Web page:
A slight addition to the existing answers:
If B has not downloaded enough of the block chain to see A's transaction, then the situation will be as described above. When blocks are downloaded by a wallet client, the transactions therein are checked to see whether any of them send coins to addresses held in this wallet. If so, those coins are added to the wallet's balance. So B will see an extra 25 BTC appear in his wallet. As mentioned in the other answers, he'll be able to spend them as if they were his own. So it's a race between A and B to see who spends them first - either can do it.
If B has already downloaded the relevant transactions before generating the colliding address, the situation is a little different. As far as I know, most Bitcoin clients, when generating a fresh random address, will not rescan the block chain to see whether it contains any transactions sending coins to that address. (As described above, the probability of this happening is infinitesimally small, so for all practical purposes, such a scan would just be a waste of time and resources.) So although B now has a private key which can spend A's bitcoins, he will not be aware of it, unless/until he manually forces a block chain rescan (e.g. with Bitcoin Core's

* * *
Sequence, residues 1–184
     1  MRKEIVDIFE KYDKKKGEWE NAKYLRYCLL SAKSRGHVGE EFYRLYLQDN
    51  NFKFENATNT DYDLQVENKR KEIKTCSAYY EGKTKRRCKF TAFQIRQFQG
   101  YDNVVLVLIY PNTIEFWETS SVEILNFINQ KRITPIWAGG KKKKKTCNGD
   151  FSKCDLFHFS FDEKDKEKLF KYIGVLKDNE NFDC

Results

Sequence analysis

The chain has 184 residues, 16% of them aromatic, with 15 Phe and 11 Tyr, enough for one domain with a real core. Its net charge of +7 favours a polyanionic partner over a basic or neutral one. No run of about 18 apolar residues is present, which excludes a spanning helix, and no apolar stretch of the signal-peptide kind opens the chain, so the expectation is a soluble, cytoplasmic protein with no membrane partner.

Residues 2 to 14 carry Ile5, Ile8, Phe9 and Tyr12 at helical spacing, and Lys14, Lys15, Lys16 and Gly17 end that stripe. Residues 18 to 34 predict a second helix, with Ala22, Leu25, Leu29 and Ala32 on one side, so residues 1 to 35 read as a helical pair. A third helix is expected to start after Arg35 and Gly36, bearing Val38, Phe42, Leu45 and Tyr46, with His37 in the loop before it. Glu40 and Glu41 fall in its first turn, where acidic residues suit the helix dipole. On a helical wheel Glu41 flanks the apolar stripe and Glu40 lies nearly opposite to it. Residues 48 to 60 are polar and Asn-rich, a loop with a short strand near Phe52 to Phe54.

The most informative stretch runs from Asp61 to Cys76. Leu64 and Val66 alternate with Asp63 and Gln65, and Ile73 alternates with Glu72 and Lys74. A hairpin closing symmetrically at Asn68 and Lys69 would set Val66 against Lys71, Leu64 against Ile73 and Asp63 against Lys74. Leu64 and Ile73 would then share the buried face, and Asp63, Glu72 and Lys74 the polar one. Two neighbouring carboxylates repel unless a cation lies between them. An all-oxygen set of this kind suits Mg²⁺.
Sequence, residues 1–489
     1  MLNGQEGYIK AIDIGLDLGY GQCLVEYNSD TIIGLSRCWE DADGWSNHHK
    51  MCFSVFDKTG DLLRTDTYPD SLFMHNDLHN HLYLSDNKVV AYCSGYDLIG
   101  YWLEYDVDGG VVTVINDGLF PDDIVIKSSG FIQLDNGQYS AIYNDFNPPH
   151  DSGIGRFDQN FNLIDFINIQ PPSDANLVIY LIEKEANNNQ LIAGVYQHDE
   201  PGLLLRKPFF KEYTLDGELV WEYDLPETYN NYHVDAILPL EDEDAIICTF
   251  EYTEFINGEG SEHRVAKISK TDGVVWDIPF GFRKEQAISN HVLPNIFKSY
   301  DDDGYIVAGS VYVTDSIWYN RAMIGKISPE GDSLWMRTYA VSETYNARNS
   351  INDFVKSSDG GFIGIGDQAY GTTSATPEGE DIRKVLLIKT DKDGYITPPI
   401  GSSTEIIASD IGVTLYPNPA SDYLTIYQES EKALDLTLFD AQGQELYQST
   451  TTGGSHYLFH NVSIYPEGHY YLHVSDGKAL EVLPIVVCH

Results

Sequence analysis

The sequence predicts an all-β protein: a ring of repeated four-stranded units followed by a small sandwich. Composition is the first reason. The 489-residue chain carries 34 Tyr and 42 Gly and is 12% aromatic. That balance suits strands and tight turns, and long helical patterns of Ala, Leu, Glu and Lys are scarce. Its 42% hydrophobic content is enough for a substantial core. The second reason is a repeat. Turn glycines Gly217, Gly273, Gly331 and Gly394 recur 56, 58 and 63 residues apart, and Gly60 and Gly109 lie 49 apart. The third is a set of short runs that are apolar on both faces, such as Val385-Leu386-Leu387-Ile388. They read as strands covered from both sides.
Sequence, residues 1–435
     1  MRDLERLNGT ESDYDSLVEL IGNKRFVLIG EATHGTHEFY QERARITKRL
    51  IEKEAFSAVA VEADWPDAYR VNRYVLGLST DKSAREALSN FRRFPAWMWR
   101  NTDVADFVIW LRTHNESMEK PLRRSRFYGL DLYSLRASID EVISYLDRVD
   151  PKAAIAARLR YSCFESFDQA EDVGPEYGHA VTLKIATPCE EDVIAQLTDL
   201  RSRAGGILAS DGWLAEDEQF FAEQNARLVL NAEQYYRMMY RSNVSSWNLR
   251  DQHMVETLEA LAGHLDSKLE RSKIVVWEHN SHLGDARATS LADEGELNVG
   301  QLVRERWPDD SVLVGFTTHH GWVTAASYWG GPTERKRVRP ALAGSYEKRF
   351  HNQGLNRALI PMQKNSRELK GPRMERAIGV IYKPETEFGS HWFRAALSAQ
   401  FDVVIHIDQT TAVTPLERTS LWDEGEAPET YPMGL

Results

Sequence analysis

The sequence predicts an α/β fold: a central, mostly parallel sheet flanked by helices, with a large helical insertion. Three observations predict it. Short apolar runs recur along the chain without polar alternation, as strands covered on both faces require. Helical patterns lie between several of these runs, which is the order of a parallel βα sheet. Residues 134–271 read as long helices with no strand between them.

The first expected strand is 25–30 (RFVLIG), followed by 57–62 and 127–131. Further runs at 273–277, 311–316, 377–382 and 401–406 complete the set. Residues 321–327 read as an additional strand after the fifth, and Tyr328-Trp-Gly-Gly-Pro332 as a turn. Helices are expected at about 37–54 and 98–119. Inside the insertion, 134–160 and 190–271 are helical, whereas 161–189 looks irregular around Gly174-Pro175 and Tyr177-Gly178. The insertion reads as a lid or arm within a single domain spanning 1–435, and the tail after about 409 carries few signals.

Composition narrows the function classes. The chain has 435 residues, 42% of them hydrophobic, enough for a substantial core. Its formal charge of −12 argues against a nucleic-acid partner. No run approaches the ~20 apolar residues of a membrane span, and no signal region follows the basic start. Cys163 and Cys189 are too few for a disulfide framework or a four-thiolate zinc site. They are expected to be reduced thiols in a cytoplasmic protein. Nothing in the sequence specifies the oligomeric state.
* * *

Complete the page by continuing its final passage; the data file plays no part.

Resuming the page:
-rescan option), or checks his address balance using an online block explorer, or something of the kind.
Of course, barring RNG faults, this question is sort of like asking "If all 50 US state governors were simultaneously struck by lightning, how would the stock market be affected?" It's based on such an improbable assumption that it's kind of absurd to draw any conclusion.